Are you looking to keep your house warm or cool, but don’t want to spend all that money on exorbitant energy bills? Then you might want to consider a heat pump. If you’re not sure about what a heat pump is, then hopefully this article will cover all of the basics you need to know, in order to help you control your home’s temperature in an energy efficient manner.
What is a heat pump?
A heat pump is a device that provides heat from a heat source to a destination. Simply put, it extracts heat from one place and transfers it to another. Air conditioners and freezers are examples of heat pumps, except heat pumps mainly focus on the heating aspect rather than cooling, although many heat pumps are still capable of cooling as well.
They use some form of external power generated through a compressor, generally located outside the building, which releases heat into the conditioned space. This process uses minimal electricity – about 2 ½ to 5 times as much heat for each unit of electricity – making it much cheaper and environmentally friendly. If you’re still unsure about how heat pumps work, this diagram shows the process in a simplified form.
From Save With RSP
Different types of heat pumps
In total, there are four different types of heat pumps:
- Air-source heat pumps
- Ductless mini-split heat pumps
- Geothermal heat pumps
- Absorption heat pumps
Air-source heat pumps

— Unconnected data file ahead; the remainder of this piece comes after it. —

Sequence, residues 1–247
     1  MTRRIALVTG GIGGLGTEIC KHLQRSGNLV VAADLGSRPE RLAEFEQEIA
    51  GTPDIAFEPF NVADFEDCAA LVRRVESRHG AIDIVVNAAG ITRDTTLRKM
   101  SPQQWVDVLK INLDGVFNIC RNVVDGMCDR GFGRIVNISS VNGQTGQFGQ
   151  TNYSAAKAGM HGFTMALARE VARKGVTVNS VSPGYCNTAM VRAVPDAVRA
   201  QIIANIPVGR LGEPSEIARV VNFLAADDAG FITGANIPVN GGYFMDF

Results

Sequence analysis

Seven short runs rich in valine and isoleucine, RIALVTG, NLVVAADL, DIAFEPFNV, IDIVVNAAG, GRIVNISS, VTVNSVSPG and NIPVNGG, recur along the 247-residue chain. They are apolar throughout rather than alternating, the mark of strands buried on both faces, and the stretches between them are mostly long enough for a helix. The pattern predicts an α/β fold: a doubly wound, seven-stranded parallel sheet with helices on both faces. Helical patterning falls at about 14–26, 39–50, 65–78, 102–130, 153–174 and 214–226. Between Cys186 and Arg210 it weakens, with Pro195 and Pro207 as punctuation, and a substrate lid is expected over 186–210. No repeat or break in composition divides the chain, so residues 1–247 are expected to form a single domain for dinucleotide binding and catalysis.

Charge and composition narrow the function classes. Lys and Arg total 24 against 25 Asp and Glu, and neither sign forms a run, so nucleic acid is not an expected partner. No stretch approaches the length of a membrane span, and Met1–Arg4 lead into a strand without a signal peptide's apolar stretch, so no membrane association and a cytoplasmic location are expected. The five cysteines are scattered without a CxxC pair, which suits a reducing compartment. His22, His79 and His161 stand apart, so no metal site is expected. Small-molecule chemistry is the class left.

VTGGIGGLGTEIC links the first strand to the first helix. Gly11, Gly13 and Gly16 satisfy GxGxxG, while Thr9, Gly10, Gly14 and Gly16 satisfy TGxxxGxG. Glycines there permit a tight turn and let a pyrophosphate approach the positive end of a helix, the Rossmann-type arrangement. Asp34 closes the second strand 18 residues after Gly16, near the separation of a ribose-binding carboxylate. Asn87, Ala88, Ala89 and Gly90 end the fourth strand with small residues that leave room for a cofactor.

The most common type of heat pump, air-source pumps consist of a compressor and two coils made of copper tubing. The heating unit is fitted to the outside of the building, and transferring heat from the outside via the two compression coils. This heat can then be sent to under-floor heating or radiators used to store hot water. The main advantages of using an air-source hat pump are:
- They can save significantly on your energy bills
- They can reduce your carbon footprint
- Maintenance on the system is low and inexpensive
- They are one of the cheapest forms of heat pumps
Before buying an air-source heat pump, you need to consider if there is enough room on the side of the house where you want to fit one, since they require a decent amount of space. It is also wise to ensure that your house is fully insulated and energy efficient before installing, since you risk losing heat if your insulation is poor.
Ductless, mini-split heat pumps